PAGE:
The exhibition is effectively laid out (though, like most shows of this sort, it’s too large), with separate rooms built within the exhibition space to break up and pace the display. These hold archive material including cameras, notebooks and diaries, and add to the biographical interest while providing a welcome respite from Arbus’s photographs, which at times look altogether too much like a freak show. Usually with photography exhibitions it’s possible to recommend that the viewer stays at home with the catalogue and studies the reproductions. In this case, the large accompanying book, originally published by Jonathan Cape in 2003 to coincide with the start of this exhibition’s international tour, is rather more expensive than usual. The cover price is £60, but it’s being sold at the exhibition for £40. At that rate, it’s a lot cheaper to go round the exhibition a couple of times (full-price admission is £8) and exercise your memory. It might even be good for you, if you’re lucky enough to be emotionally resilient as well as crowd-resistant.
Another photographic exhibition has just opened, at Tate Modern this time, so I suppose it must be firmly classified as ‘art’. The Canadian snapper Jeff Wall (born 1946) has apparently ‘played a key role in establishing photography as a contemporary art form’, and for this supposed achievement is now honoured with an exhibition of some 50 of his photos, spanning 25 years. I wish photography was still photography and not art, but so much money has been poured into its elevation that it can never more be viewed in the same light as your mother-in-law’s holiday snaps. (Is, then, Diane Arbus’s work photography or art? You may well ask. Better to address the Tate’s Curator of Interpretation on that one.) In 1978 Wall made his first lightbox, and it is for large, back-lit, wall-mounted transparencies that he is now known.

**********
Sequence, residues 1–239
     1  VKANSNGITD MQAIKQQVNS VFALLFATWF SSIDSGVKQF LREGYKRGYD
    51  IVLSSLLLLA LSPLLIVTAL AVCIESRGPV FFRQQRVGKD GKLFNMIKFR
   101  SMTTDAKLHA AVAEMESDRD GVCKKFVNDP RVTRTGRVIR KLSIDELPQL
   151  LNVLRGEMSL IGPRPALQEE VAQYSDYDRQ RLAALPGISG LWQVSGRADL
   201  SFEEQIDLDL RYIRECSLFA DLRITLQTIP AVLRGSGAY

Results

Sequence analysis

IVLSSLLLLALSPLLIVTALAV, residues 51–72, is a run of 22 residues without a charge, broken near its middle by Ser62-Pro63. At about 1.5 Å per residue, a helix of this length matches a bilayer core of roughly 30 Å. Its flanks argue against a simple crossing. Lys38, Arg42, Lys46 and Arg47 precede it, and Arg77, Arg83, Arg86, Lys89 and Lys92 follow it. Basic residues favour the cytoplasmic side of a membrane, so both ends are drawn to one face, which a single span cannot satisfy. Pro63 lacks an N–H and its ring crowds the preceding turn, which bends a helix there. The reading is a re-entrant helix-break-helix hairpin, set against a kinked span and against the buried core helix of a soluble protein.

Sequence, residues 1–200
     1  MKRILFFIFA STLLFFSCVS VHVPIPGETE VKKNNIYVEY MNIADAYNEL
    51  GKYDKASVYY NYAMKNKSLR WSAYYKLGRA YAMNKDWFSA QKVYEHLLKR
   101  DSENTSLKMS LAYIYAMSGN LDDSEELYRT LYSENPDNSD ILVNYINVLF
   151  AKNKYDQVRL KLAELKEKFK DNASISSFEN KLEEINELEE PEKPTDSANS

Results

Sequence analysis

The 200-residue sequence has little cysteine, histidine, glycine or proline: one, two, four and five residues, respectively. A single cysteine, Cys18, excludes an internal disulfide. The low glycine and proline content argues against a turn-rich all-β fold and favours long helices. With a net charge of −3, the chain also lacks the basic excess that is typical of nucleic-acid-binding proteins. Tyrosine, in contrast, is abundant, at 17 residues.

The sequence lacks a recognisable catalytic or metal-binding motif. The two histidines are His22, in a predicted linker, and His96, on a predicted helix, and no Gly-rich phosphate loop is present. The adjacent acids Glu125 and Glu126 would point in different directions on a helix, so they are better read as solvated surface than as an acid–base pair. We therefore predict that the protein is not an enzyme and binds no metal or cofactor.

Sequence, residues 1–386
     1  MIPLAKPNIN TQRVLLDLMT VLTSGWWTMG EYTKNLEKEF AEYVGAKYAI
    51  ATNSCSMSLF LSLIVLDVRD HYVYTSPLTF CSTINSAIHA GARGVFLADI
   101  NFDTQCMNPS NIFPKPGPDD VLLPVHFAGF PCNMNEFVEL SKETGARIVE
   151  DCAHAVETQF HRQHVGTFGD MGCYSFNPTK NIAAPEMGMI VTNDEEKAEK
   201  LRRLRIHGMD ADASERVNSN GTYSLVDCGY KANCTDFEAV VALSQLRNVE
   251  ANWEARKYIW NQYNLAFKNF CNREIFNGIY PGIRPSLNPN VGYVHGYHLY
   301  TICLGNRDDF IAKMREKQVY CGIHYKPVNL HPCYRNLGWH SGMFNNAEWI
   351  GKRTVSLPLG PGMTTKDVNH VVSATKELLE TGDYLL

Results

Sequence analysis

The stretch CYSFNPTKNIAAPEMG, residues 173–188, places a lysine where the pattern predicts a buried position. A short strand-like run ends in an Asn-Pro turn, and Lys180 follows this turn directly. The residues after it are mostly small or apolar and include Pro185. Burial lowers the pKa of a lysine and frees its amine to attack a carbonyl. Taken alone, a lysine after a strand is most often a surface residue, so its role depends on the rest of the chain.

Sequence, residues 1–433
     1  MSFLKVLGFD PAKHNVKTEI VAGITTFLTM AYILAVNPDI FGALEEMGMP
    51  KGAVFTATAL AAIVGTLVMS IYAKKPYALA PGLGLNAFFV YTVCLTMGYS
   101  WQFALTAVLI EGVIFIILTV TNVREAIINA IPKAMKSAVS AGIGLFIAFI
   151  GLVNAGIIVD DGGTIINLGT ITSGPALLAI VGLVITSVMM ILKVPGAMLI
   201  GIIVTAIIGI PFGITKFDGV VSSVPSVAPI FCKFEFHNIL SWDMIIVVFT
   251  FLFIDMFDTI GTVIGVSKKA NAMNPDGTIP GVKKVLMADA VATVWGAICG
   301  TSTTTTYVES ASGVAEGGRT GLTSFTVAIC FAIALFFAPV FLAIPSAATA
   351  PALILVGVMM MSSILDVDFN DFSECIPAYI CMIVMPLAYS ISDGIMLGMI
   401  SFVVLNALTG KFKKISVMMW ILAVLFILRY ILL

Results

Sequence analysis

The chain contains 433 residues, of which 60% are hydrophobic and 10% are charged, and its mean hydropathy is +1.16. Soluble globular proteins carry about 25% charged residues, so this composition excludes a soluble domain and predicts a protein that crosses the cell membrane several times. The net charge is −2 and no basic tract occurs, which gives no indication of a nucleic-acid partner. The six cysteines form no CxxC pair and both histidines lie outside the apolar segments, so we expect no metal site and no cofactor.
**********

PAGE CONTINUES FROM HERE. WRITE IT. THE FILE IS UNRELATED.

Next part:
It has to be said, they’re impressive: you remember them. And they can be very beautiful, but really all they offer is a contemporary take on 19th-century narrative painting. The Victorians did it all long ago, and with considerably more élan. But that’s typical of so much of today’s art — it’s a rerun of the past (often the very recent past), and rarely done as well as the original. Like the Victorians, Wall can also on occasion be silly, as in the stagily composed ‘A Sudden Gust of Wind (after Hokusai)’. His mise-en-scènes are carefully constructed, but humour is not their long suit, and he should beware the ludicrous. Recently, Wall has started to take large black-and-white photographs, as if to prove that he can do something else. The results shown here are revealing. Apart from one vast and rather grand image, ‘Night’, of derelicts sleeping or keeping watch, the images are less distinguishably his. They could be by any other photographer who works on such an overblown scale.